If you’ve been following this series from day one, you should now have a better understanding of the world of programmatic advertising. Congratulations, you are now more informed than most of the industry.
When I began writing on this topic back in the summer, my intention was to cut through the jargon and explain the intricacies of programmatic in plain English. I hope I’ve accomplished that. But beware: This next chapter may get a little confusing. Please bear with me, as I will now try to clarify and distinguish the many different types of programmatic ad buying strategies in the simplest way possible.
Real-time bidding (RTB)– the trading of online media in an auction-based environment – has always been closely associated with programmatic advertising. In fact, many are still guilty of using these terms interchangeably. However, RTB is simply another feature of programmatic; it’s one of many different ways to execute programmatic and not the crux of programmatic itself. While there are certainly benefits to the RTB model – namely providing buyers with the opportunity to pay for inventory they deem valuable, in real-time at scale – it also has some negative connotations. Some have even come with their own pseudo-acronym for RTB – “race-to-the-bottom.” In other words, many view RTB as a way to get cheap inventory that no one else seems to care about.
While that is not exactly true, it is important for marketers to understand that there are many different ways to execute programmatic advertising that can fulfill almost any marketing goal.
Real-Time Bidding (RTB)
Let’s look at RTB a little more closely, as it is the easiest form of programmatic advertising to comprehend. As simple as it is, it often gets confused with being another name for programmatic, as stated above, and it goes by many other names, including Open Auction, Open Marketplace and Open Exchange. Regardless of what you call it, it really is a simple process, I swear.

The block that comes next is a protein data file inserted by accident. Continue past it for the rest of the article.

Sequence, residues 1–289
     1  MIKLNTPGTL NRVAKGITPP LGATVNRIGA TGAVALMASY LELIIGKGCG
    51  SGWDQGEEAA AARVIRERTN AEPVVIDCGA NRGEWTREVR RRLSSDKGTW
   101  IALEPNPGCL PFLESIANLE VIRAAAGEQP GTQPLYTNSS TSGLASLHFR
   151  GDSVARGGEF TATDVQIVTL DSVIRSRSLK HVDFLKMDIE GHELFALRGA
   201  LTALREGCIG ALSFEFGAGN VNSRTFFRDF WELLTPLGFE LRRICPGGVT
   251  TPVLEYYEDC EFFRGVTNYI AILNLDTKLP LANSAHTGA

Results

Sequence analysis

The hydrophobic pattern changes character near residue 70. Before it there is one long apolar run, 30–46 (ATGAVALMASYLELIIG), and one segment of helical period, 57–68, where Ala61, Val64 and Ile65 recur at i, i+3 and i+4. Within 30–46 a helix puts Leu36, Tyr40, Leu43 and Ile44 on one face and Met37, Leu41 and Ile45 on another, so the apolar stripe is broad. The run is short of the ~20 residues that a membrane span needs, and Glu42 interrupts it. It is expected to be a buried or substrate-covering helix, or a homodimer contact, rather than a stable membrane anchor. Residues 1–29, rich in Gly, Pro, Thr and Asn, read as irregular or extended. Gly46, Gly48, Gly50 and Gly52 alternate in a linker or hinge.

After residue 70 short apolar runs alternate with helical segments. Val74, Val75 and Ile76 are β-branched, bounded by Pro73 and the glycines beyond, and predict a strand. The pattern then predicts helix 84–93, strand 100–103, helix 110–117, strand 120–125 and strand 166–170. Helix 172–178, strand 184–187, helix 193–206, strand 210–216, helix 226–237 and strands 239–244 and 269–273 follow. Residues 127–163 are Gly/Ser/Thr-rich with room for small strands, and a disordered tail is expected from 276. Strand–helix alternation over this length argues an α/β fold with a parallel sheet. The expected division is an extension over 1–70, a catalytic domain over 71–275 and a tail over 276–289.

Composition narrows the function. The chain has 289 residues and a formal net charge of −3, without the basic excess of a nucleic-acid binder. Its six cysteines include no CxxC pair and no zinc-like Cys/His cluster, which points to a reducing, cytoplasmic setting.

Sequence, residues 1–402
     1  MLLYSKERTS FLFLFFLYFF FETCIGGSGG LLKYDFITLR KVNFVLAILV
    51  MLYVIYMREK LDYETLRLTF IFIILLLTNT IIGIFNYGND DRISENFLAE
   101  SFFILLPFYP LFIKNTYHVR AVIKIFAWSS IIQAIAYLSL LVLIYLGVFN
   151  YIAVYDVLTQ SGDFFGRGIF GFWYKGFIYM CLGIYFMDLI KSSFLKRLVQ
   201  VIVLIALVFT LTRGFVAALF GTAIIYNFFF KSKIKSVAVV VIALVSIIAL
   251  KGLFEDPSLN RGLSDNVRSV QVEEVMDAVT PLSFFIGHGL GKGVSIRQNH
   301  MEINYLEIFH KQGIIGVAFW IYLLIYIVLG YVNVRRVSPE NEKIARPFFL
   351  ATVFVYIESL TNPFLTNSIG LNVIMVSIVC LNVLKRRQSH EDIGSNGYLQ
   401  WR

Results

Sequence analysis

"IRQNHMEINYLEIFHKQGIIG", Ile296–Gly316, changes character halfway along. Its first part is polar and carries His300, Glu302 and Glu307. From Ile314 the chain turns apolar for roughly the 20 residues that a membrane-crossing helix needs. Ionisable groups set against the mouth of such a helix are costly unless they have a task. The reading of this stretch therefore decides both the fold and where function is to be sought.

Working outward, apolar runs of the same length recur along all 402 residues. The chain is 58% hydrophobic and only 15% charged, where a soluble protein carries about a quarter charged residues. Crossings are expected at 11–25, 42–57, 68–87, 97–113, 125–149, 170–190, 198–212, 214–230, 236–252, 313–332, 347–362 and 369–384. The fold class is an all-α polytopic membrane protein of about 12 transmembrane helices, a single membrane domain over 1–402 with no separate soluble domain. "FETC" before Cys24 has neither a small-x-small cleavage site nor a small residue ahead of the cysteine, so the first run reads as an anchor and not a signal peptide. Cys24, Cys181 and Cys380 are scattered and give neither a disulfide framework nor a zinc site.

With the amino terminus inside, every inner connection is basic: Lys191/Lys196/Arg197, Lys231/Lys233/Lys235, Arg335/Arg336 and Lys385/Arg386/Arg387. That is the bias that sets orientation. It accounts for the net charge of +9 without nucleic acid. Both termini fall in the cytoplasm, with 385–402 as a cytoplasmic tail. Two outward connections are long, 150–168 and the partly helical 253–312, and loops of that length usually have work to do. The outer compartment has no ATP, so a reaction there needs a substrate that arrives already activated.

RTB refers to advertising inventory that is made available through an open marketplace where anyone can bid on it. It’s essentially an auction-based model where unreserved ad space is sold to the advertiser willing to pay the highest price to display their ad for any set amount of time. In 2014, 88% of programmatic was executed via RTB, though that number is projected to dwindle as new methods of programmatic emerge.
While RTB is a cost-efficient way to generate revenue for a particular ad campaign, it is not the most ideal mechanism for the publisher because there is almost no control on who shows the ad (quality) and how much they will pay (value). This has led publishers to develop new methods of programmatic that actually benefits both parties.
To assert some control over the quality of the ads showing up on their sites, publishers can choose to engage in what are known as Private Marketplace deals. These too go by several names, including Closed Auctions or Invite-Only Auctions. In this scenario, a publisher engages with a select set of advertisers that fit their predetermined criteria (thus controlling quality) and opens up inventory for this select group of advertisers. The publisher gets the value depending on who bids the highest but still has no control over exactly how much the advertiser will pay (still open on value).